Prep 1 hr
Cook 1 hr
My mother-in-law's recipe for her Southern Chow-Chow. It's delicious on cooked collard greens, lima beans or black-eye peas. You'll find lots of other uses for this tasty condiment. I make a double or triple batch to enjoy throughout the year and give as gifts. These will keep in pantry for 1-2 years.
Any combination of the following to make 6 quarts of chopped vegetables
- 2 quarts chopped cabbage (or cabbage & cauliflower)
- 1 quart chopped green tomato
- 1 pint grated carrot (I prefer California grown)
- 1 pint chopped green peppers or 1 pint red pepper
- 1 quart chopped peeled firm pear (do not ripen)
- 1 quart chopped onion
- 1⁄2 cup canned sliced jalapeno pepper (optional)
- 1 teaspoon crushed red pepper flakes (optional)
- 1 quart distilled white vinegar (5% acidity)
- 1⁄2 cup flour (for thickening the sauce) (optional)
- 1 tablespoon salt
- 2 cups granulated sugar
- 1 1⁄2 tablespoons celery seeds
- 1 tablespoon ground turmeric
- 1 1⁄2 tablespoons dry ground mustard
- If you don't have all the vegetables mentioned, increase the quantity of the vegetables you do have until you have 6 quarts of chopped vegetables. (However, be sure to use some cabbage, peppers, carrots and onions- the other veggies are optional).
- In large pot, stir dry ingredients together, then add liquid ingredients.
- Bring all syrup ingredients to a boil and boil until thickened, stirring frequently.
- Add chopped vegetables and bring to a boil.
- Cook 5 minutes on simmer until vegetables are hot.
- Pack into hot, sterilized jars and seal with hot sterilized lids.
- Invert and let rest for 2 minutes.
- Turn right-side-up and let cool.
- When jars are cooled, the lids should be slightly concave which signifies a good canning seal.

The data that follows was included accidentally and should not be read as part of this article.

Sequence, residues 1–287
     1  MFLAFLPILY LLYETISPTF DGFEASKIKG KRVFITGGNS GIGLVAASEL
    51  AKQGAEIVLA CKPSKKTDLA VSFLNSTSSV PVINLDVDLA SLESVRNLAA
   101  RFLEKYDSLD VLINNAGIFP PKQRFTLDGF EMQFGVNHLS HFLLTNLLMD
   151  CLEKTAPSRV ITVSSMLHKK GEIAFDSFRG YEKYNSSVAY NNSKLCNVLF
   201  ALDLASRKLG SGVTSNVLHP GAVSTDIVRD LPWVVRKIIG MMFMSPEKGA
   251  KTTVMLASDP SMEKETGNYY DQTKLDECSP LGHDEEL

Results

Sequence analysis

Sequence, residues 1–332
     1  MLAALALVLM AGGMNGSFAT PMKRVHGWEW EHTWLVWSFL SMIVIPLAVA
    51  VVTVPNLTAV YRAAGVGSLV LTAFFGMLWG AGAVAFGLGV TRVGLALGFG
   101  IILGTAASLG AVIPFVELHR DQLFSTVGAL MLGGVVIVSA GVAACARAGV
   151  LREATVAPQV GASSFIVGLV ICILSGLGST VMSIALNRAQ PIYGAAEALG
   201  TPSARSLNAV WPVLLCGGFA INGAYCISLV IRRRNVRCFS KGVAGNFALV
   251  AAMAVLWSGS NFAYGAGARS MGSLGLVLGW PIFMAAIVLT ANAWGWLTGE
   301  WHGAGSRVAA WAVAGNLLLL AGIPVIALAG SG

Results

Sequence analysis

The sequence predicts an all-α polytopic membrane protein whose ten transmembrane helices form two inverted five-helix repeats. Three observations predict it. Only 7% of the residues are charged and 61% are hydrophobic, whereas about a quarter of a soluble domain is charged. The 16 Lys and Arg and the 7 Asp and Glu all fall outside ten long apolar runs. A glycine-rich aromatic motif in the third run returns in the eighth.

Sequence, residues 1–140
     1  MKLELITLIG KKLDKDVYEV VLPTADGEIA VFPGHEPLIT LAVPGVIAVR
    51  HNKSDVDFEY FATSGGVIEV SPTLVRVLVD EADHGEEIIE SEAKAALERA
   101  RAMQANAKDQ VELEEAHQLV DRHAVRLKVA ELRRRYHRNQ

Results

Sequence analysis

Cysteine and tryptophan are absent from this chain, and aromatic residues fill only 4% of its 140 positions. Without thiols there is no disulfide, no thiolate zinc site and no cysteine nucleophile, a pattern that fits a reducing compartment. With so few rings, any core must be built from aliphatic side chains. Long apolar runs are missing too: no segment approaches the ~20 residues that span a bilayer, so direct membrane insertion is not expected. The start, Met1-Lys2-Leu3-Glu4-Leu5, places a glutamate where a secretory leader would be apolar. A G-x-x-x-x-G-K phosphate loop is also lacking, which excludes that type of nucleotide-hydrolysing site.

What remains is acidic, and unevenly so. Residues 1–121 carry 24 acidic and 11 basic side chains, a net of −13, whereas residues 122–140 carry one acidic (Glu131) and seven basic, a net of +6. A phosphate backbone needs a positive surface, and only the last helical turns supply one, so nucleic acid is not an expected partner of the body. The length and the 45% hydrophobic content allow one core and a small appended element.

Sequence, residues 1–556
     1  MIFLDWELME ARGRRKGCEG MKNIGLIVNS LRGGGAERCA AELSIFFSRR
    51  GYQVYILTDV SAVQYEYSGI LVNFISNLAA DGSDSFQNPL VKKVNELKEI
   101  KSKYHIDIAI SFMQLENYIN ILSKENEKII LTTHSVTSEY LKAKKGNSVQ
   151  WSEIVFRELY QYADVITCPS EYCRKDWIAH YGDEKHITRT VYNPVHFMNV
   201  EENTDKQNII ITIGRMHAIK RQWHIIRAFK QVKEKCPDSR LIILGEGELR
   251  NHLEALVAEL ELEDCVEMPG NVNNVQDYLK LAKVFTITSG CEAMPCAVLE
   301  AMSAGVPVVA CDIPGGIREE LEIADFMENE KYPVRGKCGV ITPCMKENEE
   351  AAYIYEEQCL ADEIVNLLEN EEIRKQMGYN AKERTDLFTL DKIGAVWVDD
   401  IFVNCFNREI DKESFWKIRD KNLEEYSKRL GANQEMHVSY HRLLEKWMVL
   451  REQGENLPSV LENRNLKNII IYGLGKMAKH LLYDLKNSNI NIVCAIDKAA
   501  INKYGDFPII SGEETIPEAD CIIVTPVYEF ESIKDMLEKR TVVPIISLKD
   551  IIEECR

- NOTE: My mother-in-law never processed them in a water bath, but you may do so for about 30 minutes, if you prefer.
I made this today and heat processed the jars for storage and gift giving. The yield to be right on target! I processed 1/2 pints for 20 minutes and everything sealed. The recipe never states a yield of 6 quarts. It calls for 6 quarts of raw vegetables. Perhaps Rita misread it. The flavor and texture was reminiscent of my grandnother's chow chow. I only used 4 quarts of vegetables-- so this can be stepped down to make smaller batches successfully. I had 5.5 pints of finished chow chow. Note: for uniformity of texture in the finished product do not use thick or pithy chunks of cabbage or the woody eye of the onion's root end. Thanks for a great relish that I have missed for years!
i used cauliflower,carrots,onion,green peppers one red pepper(what i had)2 jalapenos and cabbage. my first time making it. i tasted a bit and i was really good. i made it for my bestfriend who saw it on the foodnetwork so i thought i'd give it a try!! can't wait for her to try it!
I did make a couple of changes! I just couldn`t put flour in so I didn`t. I added 1 quart of cauliflower,1 quart of carrots, 2 fresh jalapenos & besides the dry mustard I added mustard seeds. This didn`t make 6 quarts it made only 7 pints of very tasty & pretty relish! I do wish I doubled it!